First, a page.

There is much in Bone Cage that harkens back to films like Paperback Hero (1973) and Nobody Waved Goodbye (1964) in ways of highlighting character over plot. Much the same can be said of Nicole Dorsey’s Black Conflux.
If Black Conflux is the better of the two films, it’s only because Black Conflux, which Dorsey wrote, has the narrative advantage of suspense. The stakes seem higher even though both films lead into unforgettable final scenes.
Set in Newfoundland, 1987, Dorsey tells the story of two seemingly unconnected people. Jackie (Ella Ballentine), a vulnerable 15-year-old girl, and Dennis (Ryan McDonald), an unstable 40-something man, live in the same town but have not met. But they will meet, and it’s on that inevitable meeting that director Nicole Dorsey hinges the lure of her narrative.
Jackie is torn between joining the school choir competition or testing out her boundaries by hanging out with friends. Tragedy has left Jackie in the care of an aunt who, although not unkind, has questionable talents as a caregiver. Without a proper guardian, Jackie is left alone to maneuver her way towards independence.
Dennis has a vivid fantasy life that warrants concern. Dennis imagines a truck full of women, each of them waiting to fawn over him as he flexes a presumed authority, flaunts his cavalier disregard for their attention, and demonstrates the manly way he shuns protocol by openly drinking a beer at work. As his visions mutate into conversations, suspicions fall as to whether these fantasy women may not be just fantasies but women who have crossed his path before, with fatal results.
Dorsey doesn’t set Jackie and Dennis loose to play out their scenes until fate decides their paths should collide. Instead, Dorsey positions the audience as helpless witnesses to the step-by-step choices and random decisions that inevitably lead to their meeting.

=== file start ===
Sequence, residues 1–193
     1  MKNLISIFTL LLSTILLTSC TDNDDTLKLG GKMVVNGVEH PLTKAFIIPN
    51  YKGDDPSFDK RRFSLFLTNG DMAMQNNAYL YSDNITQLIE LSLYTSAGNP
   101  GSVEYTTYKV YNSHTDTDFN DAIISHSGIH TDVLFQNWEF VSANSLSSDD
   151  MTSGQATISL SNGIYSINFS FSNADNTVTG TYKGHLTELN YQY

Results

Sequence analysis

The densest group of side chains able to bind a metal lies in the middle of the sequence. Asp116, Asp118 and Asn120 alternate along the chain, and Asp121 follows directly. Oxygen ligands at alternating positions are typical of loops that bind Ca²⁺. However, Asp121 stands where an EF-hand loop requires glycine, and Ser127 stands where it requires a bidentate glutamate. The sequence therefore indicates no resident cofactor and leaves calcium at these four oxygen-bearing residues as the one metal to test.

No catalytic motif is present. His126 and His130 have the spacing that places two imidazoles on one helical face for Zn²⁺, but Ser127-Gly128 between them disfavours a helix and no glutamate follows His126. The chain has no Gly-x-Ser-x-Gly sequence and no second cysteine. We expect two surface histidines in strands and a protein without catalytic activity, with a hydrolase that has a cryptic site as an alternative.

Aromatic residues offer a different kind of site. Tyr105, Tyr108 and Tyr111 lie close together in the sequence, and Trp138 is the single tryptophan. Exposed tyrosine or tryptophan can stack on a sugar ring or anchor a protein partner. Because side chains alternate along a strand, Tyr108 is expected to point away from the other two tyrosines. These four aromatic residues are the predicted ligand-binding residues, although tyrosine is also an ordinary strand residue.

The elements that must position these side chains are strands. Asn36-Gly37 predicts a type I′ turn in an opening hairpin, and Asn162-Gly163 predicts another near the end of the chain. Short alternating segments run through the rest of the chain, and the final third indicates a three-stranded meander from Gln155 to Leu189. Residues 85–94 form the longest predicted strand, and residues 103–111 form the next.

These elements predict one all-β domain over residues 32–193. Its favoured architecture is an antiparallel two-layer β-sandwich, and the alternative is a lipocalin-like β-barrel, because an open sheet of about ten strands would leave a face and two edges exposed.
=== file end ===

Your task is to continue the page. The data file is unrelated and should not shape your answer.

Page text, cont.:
It’s unlikely Black Conflux or Bone Cage will make July’s top box-office winners list. But what these films lack in the summer hoopla of Kick-Ass superheroes and souped-up Mustangs, they make up for in riveting performances and storytelling.
Bone Cage is directed by Taylor Olson and stars Taylor Olson, Ursula Calder, Christian Murray, Sam Vigneault, and Amy Gorening.
Black Conflux is directed by Nicole Dorsey and stars Ella Ballentine and Ryan McDonald.
Black Conflux is currently available nationwide through Digital TIFF Bell Lightbox. Bone Cage is currently available on Apple TV and other digital platforms.
Thom Ernst is a Toronto based film critic and writer and an active member of the (TFCA) Toronto Film Critics’ Association. His work has appeared in various publications including Playback Magazine, The Toronto Star, and The National Post. He is known to CBC Radio listeners for his lively contributions to Fresh Air, Metro Morning, and CBC Syndication as well as appearing on-air for CTV News Channel and The Agenda with Steve Paikin. He was host, interviewer and producer of televisions’ longest running movie program Saturday Night at the Movies. Currently he can be heard interviewing Canadian filmmakers on the Kingston Canadian Film Festival podcast, Rewind, Fast-Forward.